. Students need to use their own words and be taught the rules of summarizing (which is difficult). “Writer-based summaries not only improve students’ comprehension, but also help them monitor their understanding.”
Write elaborations.
Ask students to create examples, make analogies, explain relationships between concepts. [The Cornell note-taking method and double-entry notebook are examples of elaborations.]
Use organizing strategies.
Concept maps, network representations, and other graphic organizers can be effective.
socratic questions
Behaviour - expectations
Differentiation is embedded and habitual
These are taken directly from Tom Sherrington @headguruteacher
• Self-leveling resources: students able to tackle Pythagoras questions of increasing difficulty, self-checking answers and moving through at different rates.
• Bronze, Silver and Gold questions: questions on cards, at different levels with students able to self-select according to confidence and success.. with teacher prompting some to move on or consolidate.
• Scaffolding frameworks at different levels: essay writing guidance with varying levels of structure. In this example three levels: one with no support; one with paragraph outlines and another with sentence-level starters.
• Homework choices: This is a mock-up of a strategy I’ve seen where the overarching project had numerous options for the tasks at different levels. I’ve made this generic but it would be specific to a subject in practice.
• Leadership grouping: more able students given leadership responsibility in each of a number of mixed ability groups with a ‘group goal’ that required any group member to report back. Just one of many group structure strategies.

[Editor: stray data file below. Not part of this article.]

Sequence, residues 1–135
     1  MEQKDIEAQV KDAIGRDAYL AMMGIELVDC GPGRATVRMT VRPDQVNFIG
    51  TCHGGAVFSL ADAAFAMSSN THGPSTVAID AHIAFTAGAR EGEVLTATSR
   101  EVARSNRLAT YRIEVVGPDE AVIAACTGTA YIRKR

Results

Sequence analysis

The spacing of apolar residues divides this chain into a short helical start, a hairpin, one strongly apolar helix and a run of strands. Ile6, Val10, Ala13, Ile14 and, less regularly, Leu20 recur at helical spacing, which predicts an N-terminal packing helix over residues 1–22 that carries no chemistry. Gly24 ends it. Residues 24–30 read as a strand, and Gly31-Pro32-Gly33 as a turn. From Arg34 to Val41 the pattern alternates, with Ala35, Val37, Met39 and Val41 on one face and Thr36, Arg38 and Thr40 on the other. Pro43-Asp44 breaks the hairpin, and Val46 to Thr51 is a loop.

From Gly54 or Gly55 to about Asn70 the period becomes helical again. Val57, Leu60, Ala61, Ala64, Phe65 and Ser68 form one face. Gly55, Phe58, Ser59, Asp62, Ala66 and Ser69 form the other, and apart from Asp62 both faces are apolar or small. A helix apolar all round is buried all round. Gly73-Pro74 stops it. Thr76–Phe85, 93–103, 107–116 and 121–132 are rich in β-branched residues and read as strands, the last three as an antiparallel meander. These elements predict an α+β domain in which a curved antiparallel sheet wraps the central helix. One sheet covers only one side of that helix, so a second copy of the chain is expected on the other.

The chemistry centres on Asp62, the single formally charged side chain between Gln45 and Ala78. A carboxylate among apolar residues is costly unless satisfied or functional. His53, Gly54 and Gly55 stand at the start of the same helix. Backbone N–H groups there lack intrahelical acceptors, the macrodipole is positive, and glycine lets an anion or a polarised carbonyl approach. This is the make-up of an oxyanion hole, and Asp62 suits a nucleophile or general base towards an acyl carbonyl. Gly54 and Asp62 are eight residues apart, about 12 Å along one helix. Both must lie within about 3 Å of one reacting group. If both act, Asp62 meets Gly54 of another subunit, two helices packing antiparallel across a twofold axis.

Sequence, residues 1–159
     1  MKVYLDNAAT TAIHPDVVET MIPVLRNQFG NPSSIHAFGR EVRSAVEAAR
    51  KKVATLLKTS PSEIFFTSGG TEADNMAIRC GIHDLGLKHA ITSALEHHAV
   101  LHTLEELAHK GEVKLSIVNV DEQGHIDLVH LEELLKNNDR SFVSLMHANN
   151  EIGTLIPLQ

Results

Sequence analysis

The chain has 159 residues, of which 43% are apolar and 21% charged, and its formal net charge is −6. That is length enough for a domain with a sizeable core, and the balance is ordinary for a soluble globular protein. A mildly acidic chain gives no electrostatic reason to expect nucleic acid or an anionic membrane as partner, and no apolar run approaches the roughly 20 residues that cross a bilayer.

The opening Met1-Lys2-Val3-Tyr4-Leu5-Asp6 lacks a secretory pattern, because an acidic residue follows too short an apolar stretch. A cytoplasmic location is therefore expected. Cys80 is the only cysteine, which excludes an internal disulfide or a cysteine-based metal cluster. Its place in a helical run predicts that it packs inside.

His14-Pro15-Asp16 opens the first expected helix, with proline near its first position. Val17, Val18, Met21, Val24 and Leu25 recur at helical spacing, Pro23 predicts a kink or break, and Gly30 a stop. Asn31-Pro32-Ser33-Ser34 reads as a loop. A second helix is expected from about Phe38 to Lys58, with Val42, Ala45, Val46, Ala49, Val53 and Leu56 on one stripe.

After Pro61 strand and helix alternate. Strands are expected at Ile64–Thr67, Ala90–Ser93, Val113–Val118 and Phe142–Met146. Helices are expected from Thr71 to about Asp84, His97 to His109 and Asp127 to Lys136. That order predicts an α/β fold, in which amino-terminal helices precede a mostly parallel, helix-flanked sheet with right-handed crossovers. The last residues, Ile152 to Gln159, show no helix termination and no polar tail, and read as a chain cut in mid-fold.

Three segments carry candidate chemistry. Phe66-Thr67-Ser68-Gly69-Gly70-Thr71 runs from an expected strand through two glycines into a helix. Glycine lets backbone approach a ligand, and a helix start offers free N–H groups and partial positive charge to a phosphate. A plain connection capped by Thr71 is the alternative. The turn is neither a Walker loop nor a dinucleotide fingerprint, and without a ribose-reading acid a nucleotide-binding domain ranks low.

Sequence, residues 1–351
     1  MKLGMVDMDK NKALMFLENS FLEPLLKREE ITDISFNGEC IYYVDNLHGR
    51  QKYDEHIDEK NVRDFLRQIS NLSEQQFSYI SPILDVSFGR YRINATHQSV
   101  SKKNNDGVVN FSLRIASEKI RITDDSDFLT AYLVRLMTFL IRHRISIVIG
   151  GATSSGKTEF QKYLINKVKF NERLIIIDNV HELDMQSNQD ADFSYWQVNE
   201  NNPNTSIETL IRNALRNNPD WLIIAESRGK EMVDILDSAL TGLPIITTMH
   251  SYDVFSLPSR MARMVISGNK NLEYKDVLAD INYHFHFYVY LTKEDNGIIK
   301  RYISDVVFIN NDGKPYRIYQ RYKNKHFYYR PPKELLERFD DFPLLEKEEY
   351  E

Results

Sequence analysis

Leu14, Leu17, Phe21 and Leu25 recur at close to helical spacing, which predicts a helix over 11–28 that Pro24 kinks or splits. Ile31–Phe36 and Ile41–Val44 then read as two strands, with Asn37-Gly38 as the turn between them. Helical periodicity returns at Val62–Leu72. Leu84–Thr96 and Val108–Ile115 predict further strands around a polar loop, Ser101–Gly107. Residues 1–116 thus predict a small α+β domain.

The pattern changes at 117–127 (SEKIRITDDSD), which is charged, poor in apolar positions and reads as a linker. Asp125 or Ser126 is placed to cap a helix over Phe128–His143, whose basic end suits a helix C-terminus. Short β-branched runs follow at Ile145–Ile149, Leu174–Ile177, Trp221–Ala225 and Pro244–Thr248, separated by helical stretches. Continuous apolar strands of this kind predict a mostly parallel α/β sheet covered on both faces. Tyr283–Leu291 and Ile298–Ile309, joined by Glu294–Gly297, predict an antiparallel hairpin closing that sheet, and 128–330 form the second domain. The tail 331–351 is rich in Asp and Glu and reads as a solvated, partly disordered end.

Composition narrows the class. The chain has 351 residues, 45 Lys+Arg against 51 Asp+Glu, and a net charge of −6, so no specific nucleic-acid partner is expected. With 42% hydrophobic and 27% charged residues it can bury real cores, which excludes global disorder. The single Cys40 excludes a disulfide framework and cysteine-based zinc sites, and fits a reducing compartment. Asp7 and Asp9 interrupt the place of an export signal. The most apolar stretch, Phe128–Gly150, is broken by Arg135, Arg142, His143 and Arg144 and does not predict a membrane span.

Thought routines


Task: Seperate activities - Finish A go onto B, then C
Outcome: Open ended - not limited
Support: Where to find time?
Behaviour: Management
Time: How long?
doing your best to keep everyone in each class moving forward without limiting them
Extension Material: very typically, the ‘extra work’ students can do if they’ve finished the standard work.
Support Material: extra layers of scaffolding and simplification to help students keep up.
‘Differentiation by Outcome’: often mis-understood and mis-used but actually a crucial form of differentiation where the same stimulus leads to open-ended responses
Completely different tasks: sometimes necessary but complicated.
Use The ABC Feedback Model: Alex Quigley

This simple strategy has probably had the biggest impact upon my practice over the last year or so. It is incredibly easy, but it adds a sophisticated degree of differentiation into the questioning process. By asking students to Agree with; Build upon; or Challenge the answers of other students allows students to build upon the responses of others, thereby giving a helpful scaffold to their ideas. By selecting the right students based on an escalating degree of challenge, we can give them options – the Agree with often being the ‘easiest‘ response, but not always; whereas some students can Build upon and Challenge previous responses. By bouncing these questions around the room you can exemplify differentiated progress of the highest order.

Teacher question: Which character would you most like to sit next to?
Student A answer: I would most like to sit next to Crooks. As he can read well, because he owns books, he could help me with answers and we could discuss our ideas.
Teacher question: Student B, give some ABC feedback based on A’s answer
Student B answer: I would build upon that idea: Crooks would be good to get answers from, but he might make me excluded from my friends just because I was speaking to a black man. Therefore I would probably challenge A’s answer, choosing Slim instead. slim is also intelligent, but he is popular, and you have to think about having friends as well as giving good answers in class.

What is science?
school model prison